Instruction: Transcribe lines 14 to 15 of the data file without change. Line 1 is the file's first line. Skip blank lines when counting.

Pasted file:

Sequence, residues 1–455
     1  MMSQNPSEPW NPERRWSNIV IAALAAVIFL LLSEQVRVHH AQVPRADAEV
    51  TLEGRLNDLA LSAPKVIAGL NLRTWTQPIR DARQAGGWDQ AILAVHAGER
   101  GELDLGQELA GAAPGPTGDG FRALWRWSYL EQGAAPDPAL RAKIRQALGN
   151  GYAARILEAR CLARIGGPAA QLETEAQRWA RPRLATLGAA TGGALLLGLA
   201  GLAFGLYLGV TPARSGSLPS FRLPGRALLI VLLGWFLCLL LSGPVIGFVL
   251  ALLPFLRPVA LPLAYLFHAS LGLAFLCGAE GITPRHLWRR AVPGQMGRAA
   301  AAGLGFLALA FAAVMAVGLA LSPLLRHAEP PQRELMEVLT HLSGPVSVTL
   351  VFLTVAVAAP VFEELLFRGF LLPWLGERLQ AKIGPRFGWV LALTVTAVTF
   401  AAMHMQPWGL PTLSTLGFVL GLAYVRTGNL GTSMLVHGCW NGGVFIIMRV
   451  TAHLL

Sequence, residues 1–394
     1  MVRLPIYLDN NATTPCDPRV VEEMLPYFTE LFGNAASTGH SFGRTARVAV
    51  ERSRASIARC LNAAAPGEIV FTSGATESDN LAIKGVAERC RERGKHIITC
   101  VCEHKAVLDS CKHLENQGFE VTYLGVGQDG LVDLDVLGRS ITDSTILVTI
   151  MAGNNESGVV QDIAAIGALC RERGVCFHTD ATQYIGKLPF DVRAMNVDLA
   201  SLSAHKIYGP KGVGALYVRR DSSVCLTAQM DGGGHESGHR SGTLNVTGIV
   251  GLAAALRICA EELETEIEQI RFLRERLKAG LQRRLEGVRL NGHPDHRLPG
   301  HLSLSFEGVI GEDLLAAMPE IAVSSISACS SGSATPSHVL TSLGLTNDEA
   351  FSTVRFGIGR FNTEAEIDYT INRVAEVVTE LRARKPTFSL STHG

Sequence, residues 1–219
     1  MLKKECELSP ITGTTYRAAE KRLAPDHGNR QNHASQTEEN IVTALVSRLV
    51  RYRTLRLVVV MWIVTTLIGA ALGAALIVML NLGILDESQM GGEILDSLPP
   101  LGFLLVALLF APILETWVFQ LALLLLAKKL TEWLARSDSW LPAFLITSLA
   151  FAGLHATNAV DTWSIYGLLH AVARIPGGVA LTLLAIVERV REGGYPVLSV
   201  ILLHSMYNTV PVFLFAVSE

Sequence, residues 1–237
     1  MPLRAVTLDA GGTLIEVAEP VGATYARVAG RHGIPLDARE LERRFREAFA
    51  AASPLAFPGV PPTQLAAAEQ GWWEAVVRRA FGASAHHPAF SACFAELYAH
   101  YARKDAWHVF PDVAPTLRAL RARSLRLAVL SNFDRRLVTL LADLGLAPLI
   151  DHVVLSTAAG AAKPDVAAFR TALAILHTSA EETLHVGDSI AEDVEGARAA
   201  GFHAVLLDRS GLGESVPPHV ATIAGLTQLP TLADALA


    51  ERSRASIARC LNAAAPGEIV FTSGATESDN LAIKGVAERC RERGKHIITC
   101  VCEHKAVLDS CKHLENQGFE VTYLGVGQDG LVDLDVLGRS ITDSTILVTI